In the third clip, from Findhorn in 2009, some changes have been made. The spiral goes in but then rather than going all the way through and out with the large steps which are traditional, the lead dancer remains almost on the spot. This is a practical method of getting the rather large group back into one circle without it all taking too long. But I would suggest that traditionally, the large steps in and out of the spiral create a mood of excitement, even exhilaration, as you flash relatively quickly through the lines of dancers on either side of you going in opposite directions. This is appropriate to the theme of transition and transformation, going suddenly and dramatically over the threshold into something new. This rite of passage is represented by the spiral /labyrinth itself and is also emphasised by the handkerchief-bridge the Dora Stratou dancers demonstrate, and is also suited to the time of year (springtime, the time of new life and resurrection, now marked by Easter, and earlier by many pre-Christian spring festivals of life, death and rebirth and related myths such as those of Persephone and Ariadne).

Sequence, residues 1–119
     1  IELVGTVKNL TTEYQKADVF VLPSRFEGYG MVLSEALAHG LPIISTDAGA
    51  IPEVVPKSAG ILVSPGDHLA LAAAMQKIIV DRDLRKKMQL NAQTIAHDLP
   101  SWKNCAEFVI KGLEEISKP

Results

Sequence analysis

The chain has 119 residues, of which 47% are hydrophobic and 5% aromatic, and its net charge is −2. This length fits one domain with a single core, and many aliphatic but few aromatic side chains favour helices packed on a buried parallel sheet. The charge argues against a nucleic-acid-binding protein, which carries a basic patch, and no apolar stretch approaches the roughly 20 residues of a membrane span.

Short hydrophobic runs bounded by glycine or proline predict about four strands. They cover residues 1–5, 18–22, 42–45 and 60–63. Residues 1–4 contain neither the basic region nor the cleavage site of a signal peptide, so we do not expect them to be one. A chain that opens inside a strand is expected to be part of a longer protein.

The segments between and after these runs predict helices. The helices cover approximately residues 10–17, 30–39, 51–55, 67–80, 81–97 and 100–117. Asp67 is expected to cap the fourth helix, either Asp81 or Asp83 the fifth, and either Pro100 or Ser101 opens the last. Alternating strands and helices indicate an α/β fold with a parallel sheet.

Another change in the Findhorn video is that the dancers and the musicians are not in alignment: the dancers alternate the two parts of the dance (ABAB) while the musicians alternate the two parts of the melody (AABB). Traditionally, the two parts should go together: in the first part of the dance, you touch the foot, with the alto melody (in my view, corresponding to earth); in the second part, with the higher soprano melody, you lift the foot (corresponding to sky). I believe the alternating movements and melodies are an invocation of earth and sky, so for me it would be vitally important to keep the dance and the melody patterns in tandem, according to tradition.
      But I do appreciate the meditative atmosphere they are striving to create in Findhorn, respecting the ritual nature of the dance as best they can. The lighted candle is a nice touch.
      BTW, Judith, if you have it, I would love to know the exact reference from Plutarch referring to Tsakonikos.

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      • Laura,